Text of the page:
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A third of Americans are showing signs of clinical anxiety or depression, the most definitive and alarming sign yet of the psychological toll exacted by the coronavirus pandemic.
The troubling statistics, which suggest a huge jump from before the pandemic, were released last week in a tranche of data from the Census Bureau. The agency launched an emergency weekly survey of U.S. households at the end of April to measure the pandemic’s effects on employment, housing, finances, education and health.
Here are some significant developments:
- At least 5.5 million coronavirus infections have been reported around the world — more than 1.6 million of them in the United States, where the death toll is nearing 100,000.
- Twitter slapped a fact-check label on President Trump’s tweets for the first time, a response to long-standing criticism that the company is too hands-off when it comes to policing misinformation and falsehoods from world leaders.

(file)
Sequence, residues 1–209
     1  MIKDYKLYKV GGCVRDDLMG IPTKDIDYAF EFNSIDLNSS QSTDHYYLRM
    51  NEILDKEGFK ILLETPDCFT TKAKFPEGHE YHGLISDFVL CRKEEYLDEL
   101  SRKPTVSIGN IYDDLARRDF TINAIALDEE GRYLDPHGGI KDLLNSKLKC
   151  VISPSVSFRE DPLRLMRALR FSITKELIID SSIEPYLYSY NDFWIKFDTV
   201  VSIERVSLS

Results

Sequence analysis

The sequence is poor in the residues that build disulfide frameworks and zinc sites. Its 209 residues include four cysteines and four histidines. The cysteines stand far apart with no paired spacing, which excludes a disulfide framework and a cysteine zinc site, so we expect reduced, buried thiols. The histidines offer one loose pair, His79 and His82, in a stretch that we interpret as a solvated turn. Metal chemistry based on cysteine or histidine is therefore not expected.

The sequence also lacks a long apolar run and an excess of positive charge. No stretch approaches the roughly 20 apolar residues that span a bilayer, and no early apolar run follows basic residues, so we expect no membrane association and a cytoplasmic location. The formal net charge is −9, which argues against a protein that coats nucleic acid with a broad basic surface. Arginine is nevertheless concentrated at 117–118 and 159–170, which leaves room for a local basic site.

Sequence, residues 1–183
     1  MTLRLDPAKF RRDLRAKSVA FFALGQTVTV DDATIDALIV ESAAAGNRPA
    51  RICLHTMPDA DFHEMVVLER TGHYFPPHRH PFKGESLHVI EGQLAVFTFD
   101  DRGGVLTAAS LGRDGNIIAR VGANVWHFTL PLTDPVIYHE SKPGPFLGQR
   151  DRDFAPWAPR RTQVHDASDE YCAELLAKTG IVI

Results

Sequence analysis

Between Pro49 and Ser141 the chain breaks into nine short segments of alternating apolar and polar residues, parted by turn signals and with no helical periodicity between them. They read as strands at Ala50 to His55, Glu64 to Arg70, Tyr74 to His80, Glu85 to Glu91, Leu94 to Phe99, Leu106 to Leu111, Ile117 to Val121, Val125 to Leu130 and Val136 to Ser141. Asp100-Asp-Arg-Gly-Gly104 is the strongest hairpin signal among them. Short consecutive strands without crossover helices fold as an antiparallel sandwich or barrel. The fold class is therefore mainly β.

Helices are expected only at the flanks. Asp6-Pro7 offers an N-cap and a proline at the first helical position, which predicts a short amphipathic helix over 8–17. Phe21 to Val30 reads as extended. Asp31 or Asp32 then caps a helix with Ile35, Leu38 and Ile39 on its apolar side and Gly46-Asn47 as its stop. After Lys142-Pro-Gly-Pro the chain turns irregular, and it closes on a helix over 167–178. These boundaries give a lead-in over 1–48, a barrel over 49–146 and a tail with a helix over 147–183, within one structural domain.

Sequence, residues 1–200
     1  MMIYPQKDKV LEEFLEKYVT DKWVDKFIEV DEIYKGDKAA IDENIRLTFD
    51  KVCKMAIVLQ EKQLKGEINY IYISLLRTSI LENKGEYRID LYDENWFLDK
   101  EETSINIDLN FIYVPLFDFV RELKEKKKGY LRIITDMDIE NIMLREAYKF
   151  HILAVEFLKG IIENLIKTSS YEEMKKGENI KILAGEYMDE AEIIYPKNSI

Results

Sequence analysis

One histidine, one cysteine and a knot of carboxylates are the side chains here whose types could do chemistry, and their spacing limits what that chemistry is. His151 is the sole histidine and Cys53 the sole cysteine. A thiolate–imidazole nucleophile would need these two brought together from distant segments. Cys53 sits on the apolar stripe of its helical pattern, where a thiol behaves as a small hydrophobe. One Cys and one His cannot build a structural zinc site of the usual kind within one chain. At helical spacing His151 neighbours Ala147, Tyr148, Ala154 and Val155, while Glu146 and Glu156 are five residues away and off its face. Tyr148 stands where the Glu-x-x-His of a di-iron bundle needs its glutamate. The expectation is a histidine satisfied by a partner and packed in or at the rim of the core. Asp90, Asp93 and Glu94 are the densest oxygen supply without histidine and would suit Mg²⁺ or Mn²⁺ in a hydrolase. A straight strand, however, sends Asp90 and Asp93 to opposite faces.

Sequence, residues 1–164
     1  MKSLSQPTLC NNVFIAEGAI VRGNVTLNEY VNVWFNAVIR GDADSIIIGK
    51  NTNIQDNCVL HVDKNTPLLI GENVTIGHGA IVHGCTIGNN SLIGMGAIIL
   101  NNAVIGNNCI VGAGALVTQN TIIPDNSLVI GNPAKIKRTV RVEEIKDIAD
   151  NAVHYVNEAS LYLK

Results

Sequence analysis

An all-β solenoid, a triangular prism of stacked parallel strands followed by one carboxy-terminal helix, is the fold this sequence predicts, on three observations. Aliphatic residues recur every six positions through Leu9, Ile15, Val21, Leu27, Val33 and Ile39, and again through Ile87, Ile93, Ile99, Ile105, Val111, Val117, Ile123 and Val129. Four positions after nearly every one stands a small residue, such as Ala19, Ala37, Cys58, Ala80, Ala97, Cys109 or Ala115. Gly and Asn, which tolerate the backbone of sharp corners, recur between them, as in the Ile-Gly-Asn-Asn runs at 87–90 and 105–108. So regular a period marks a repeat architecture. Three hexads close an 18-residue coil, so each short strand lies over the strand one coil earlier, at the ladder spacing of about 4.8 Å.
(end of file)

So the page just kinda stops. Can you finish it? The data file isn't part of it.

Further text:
- Despite the heavy taxpayer subsidies, federal agencies have not asserted patent rights to Gilead’s drug remdesivir, potentially a blockbuster therapy worth billions of dollars. That means Gilead will have few constraints other than political pressure when it sets a price in coming weeks.
- The World Health Organization warned that countries could face a second peak in cases, even before a presumed second wave of infections months from now, echoing concerns expressed by opponents of rapid reopening.
- Meat shortages could worsen as the virus spreads through America’s meatpacking plants. Infections at three of the nation’s largest meat processors have quadrupled over the past month despite new safety measures.
- D.C. Mayor Muriel E. Bowser (D) is expected Wednesday to announce the gradual reopening of the capital, saying the city has been meeting key thresholds. But the city has been moving the goal posts for measuring its trajectory.
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